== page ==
Well, someone has to test it

I was thinking that the blog is not a bad way to explain a bit about how the network upgrade is going at A&A. We have the status pages, which are fine (well, maybe not, they need some work), but I can probably say a bit more here...

So, where are we?

The good news is that this is all just happening. The crew working on this are actually doing a good job planning and designing and, well, making it happen. They have some key deadlines they are working to, but so far everything is going pretty well. I almost feel like a director for a change, rather than an engineer. Not sure if that is scary or good.

The fun with the network this week was rather unfortunate, but yesterday we did set up the pair of route reflectors and connected almost everything up (couple of DNS servers to go). What we did do is connect the existing routers and LNS to them as well. This means we have one core network (over the old and new racks) and can start moving things.

One of the main things was testing the new link to our favourite telco. This is the primary reason for all of this - so that we can operate more than a gigabit of traffic. Initially we will be running with four gigabit fibres in to them and up to two gigabit of traffic. The load can use any of the four links in any combination which nicely allows us to run three live LNSs at well below capacity and have a fourth as a backup in case any fail. Right now we have less than a gigabit of traffic and everything can run through one LNS. The trick is to make sure that any one failure, and ideally even two failures, do no push any link or any router over capacity. The new rack can expand with more LNSs and routers to around 4 gigabit of traffic before we have to rethink things and that is probably quite a few years of expansion.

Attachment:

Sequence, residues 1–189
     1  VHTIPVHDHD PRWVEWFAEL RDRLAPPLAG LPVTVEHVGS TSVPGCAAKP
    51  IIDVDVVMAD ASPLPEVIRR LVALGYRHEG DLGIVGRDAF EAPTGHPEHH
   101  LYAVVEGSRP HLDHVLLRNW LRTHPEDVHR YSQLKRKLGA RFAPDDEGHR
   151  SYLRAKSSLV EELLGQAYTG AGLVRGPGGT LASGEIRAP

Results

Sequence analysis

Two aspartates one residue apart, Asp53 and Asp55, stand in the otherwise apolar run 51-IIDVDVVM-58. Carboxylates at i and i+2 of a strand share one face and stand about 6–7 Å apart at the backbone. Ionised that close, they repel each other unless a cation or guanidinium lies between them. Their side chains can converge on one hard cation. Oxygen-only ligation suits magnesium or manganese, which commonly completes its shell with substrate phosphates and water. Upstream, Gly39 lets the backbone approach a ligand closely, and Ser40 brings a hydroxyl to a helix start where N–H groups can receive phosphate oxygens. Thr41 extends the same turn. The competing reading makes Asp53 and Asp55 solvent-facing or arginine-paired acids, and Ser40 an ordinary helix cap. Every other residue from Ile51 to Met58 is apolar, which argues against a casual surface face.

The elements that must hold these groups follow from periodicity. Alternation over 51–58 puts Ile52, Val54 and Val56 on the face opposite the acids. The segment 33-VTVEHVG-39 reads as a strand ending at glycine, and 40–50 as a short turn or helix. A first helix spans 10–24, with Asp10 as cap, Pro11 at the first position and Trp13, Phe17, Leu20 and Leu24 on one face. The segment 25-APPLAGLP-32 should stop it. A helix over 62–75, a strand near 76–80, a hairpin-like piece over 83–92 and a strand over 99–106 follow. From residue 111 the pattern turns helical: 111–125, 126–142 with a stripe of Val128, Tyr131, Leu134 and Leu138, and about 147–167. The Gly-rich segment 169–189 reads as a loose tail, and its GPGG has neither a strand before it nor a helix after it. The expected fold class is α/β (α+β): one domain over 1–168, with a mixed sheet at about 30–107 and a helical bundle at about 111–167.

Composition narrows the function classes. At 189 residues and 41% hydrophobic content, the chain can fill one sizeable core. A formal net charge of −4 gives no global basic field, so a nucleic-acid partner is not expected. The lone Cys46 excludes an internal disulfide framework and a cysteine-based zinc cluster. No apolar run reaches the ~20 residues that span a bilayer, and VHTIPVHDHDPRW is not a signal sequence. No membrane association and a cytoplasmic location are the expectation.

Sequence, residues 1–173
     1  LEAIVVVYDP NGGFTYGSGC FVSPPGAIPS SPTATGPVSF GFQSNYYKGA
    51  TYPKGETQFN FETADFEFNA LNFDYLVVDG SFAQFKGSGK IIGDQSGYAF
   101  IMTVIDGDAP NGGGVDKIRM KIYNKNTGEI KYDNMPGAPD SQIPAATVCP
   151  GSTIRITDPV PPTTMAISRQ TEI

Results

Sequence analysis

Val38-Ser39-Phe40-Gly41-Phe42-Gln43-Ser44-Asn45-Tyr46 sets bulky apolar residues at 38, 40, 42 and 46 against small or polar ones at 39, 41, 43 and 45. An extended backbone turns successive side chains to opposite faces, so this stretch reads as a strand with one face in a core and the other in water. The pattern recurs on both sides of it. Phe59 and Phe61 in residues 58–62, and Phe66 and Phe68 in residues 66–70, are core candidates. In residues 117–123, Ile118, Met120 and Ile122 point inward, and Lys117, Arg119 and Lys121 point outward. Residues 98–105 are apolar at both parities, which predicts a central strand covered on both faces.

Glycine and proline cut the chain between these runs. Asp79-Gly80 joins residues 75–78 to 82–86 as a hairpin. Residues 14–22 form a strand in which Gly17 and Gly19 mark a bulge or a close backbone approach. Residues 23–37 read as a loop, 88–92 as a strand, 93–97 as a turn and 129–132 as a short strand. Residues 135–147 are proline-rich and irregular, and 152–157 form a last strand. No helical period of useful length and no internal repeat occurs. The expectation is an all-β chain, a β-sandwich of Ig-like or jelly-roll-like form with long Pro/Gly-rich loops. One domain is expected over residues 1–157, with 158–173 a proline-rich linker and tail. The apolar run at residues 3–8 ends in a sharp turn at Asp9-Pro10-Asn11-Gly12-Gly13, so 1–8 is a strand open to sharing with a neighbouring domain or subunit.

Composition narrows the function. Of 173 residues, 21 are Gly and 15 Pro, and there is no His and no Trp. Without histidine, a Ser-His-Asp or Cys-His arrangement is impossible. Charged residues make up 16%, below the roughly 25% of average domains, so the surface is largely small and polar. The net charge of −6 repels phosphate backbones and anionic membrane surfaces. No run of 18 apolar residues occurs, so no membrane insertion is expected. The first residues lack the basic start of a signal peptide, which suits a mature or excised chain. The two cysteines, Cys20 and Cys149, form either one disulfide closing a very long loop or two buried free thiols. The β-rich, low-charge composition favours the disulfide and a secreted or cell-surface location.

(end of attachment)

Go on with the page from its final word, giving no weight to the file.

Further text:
So, new host link works, and Paul has been testing his home line last night. He found and fixed a few MTU issues, but yes, it works! Well done.

But right now he as a whole rack, ten FB6000 series gigabit routers, two gigabit fibre links to the telco, and his one FTTC home line using it.

Of course, whilst this does seem like overkill, it makes no actual difference. Things go as fast as his line, as normal... We do, after all, aim not to be the bottleneck. Just amusing to think of all of that infrastructure and capacity for one line.

But it means we can do a simple LNS switch to move customers over, and get the old host link moved to the new rack so we have all four gigabit feeds. It looks like we have managed to get links via different floors (above and below us) in to the telco as well, which is good for redundancy. We also have them via different technologies (WES and EAD) so different termination kit in the rack. All of the kit in the rack is dual power and there are separate incoming power feeds.

The other good news is that this new rack also has a link for Ethernet customers. That means we can offer Ethernet via London and Maidenhead for even more redundancy. That is a link to be tested soon as well.

I'll post more on here as we make progress - but this week is key. From now on it is basically plugging things in and moving things over, and testing testing testing.

As for host names, there are a few changes. We are keeping the telco links (LNSs) as gormless (can't think of a better name), though there is a/b/c/d of them now. We are changing the edge routers from armless to aimless, an old name we used to use for edge routers, and there are a/b/c/d of them too. We have Ethernet edge routers which are core route reflectors called weightless. We still have doubtless and careless used for testing, direct L2TP and data SIMs.

The good news is that FB6000's use under 30W when running flat out, so no issues with power usage and keeping things cool. It is a very "green" network that we run.

Watch this space...


  1. Which of the Telehouse buildings is your new kit in, then - are you in the shiny new West building?

    (or would you prefer not to disclose)

  2. No, but it is one of the refurbished rooms with more power...


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